There has been a very logical trajectory of resistance and organizing. That’s been going on since before I even joined the business, of course, but things are much more open now. People have crashed through the gates, but it all goes back to organizing over the years. People at Visual Communications… at Brown Girls Doc Mafia… they bring people to festivals. The same thing was done in the ’80s, but at a much smaller scale, we had less power. But that was the foundation.

The organizing now has become professionalized. It’s an effective advocacy space and it’s organized and professional, and that’s very good and very powerful. People have to make a living while making films that make change happen.

Lily at Jackson rally during production of "Who Killed Vincent Chin?"

There is so much that’s said about Oscar campaigns and how expensive they are. Did you have one?

We didn’t have an Oscar campaign. Yes we submitted the film, things were very different back then. We didn’t take out ads, we didn’t know who was on the committees, who the members were. There probably were very few women. I remember in the 1980s, I thought that to get nominated, just finishing a feature length film was enough. It was so hard to do a feature length film, that I thought making one automatically bolted you into these possibilities.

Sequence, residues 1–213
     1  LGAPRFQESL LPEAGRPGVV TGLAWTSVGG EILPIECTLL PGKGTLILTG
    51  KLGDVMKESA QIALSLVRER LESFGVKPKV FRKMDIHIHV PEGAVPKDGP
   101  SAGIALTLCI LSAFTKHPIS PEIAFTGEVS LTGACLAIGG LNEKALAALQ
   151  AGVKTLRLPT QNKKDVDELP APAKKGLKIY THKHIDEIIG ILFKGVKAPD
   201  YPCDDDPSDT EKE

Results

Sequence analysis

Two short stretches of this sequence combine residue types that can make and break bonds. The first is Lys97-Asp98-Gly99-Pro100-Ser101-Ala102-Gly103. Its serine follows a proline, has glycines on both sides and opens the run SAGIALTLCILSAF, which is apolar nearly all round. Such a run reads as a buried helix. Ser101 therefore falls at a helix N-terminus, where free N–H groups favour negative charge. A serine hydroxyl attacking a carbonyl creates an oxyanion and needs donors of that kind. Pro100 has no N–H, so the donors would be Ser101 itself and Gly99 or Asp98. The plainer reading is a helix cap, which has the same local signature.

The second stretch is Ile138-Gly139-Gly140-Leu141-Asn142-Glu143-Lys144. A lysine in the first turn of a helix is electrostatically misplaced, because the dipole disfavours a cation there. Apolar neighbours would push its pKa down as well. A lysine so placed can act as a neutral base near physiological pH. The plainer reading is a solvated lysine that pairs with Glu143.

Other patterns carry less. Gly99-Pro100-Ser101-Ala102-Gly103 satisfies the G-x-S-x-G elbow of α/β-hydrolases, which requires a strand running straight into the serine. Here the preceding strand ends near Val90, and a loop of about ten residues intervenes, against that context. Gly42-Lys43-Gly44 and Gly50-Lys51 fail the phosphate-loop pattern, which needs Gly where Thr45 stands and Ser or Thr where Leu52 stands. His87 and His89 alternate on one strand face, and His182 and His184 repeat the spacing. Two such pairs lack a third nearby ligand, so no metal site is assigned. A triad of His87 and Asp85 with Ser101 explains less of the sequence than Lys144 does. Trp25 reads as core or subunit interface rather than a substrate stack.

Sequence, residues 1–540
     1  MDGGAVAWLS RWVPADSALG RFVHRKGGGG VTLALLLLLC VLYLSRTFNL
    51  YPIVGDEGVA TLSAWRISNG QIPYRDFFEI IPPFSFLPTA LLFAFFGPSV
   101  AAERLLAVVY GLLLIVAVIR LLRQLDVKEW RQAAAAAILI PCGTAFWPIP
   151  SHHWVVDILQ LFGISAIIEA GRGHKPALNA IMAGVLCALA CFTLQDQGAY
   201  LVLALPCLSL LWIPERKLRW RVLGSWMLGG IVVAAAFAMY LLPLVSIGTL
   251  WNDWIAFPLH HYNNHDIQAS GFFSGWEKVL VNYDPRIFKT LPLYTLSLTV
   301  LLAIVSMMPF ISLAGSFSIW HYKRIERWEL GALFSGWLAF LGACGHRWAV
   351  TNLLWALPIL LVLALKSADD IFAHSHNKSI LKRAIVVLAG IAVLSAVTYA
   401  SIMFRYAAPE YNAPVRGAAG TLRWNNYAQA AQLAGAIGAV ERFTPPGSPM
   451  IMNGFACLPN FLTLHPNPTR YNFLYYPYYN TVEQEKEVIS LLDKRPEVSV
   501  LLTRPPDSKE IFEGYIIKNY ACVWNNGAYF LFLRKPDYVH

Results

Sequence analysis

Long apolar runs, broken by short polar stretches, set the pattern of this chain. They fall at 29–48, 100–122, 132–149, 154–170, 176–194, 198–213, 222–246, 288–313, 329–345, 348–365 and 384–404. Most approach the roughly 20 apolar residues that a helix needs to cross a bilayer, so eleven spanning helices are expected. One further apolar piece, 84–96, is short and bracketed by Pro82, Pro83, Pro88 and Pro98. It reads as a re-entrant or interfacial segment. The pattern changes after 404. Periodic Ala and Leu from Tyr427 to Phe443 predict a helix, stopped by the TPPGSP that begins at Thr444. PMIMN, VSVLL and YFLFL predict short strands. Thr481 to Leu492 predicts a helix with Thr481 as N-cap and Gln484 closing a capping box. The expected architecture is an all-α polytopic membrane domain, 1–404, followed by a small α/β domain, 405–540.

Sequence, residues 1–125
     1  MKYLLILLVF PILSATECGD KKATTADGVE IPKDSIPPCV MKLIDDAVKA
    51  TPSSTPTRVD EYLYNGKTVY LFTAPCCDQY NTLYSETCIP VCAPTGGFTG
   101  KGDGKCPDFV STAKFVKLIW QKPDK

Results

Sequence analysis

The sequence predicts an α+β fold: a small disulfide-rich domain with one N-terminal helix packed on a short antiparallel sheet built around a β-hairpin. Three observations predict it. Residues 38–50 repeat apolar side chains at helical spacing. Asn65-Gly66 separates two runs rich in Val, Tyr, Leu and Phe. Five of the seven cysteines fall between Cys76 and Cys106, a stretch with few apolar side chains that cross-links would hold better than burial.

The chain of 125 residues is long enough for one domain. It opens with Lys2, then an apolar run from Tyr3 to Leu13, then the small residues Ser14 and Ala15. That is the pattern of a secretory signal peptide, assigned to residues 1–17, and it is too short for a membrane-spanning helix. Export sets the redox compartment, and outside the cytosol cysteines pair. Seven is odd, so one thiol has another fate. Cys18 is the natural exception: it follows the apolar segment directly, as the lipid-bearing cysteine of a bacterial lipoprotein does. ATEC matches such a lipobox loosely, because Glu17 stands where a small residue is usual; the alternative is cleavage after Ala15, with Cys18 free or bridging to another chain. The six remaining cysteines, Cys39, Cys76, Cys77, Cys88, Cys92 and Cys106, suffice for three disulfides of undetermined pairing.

But the real question is not when an Asian American film documentary has a campaign, but when did an Asian American documentary have a theatrical release? So if you look at the ’80s, the ’90s, and the early 2000s, there were very few Asian American films that got a theatrical release. And the theatrical release, of course, was dependent upon things like getting into Sundance or getting into Cannes, or whatever. So the gates were closed at every single step.

We’d be lucky if Karen Cooper took the film at Film Forum, or the Laemmle on the West Coast. But they weren’t taking a lot of our films. I guess, the equivalent now is the market for streamers, who only buy a certain kind of documentary.  

What advice do you give to younger filmmakers?